All writing projects develop and change as they move through the drafting iterations and no doubt this project will continue to develop as a collective integrated endeavour. Nevertheless our working structure engages seven main themes with separate sections for each theme. Sections consist of sub-topics that unpack the theme in question. Given the complexity and variedness of Critical Whiteness Studies as an inter- and transdisciplinary field, a comprehensive approach is followed, but with a focus on unpicking its many strands. The handbook is therefore organised conceptually to get at areas of intellectual praxes that highlight the contribution of Critical Whiteness Studies to thinking through contemporary political, social and economic trials and tendencies, continued racialisation of subject positions, and theoretical and political ways out of the quagmire of race.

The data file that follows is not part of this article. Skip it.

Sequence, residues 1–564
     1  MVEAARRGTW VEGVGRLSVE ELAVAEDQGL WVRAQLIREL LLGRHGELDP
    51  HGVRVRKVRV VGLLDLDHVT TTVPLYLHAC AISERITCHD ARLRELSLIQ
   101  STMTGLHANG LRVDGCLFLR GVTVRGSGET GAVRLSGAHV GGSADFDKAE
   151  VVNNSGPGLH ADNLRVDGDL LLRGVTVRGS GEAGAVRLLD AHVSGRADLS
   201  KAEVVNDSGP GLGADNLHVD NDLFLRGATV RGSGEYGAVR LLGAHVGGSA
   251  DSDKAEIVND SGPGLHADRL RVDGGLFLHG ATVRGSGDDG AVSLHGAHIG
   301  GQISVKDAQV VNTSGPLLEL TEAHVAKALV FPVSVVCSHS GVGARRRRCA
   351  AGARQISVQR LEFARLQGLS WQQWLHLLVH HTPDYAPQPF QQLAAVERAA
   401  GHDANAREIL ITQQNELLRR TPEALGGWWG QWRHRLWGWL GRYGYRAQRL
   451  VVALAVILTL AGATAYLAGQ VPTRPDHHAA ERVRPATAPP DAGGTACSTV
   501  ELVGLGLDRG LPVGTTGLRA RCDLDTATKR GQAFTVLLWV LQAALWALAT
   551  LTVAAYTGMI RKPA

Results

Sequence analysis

We are very much hoping that the volume will continue to spark engagement between contributors to the volume itself, through the writing process as well as beyond. We also look forward to the conversations and engagements that this will spark with other readers, writers and editors across the diverse range of fields touched on in the volume.


As the project progresses we will enjoy updating on related events, activity and news. Please be in touch with the editors for more information in the meantime.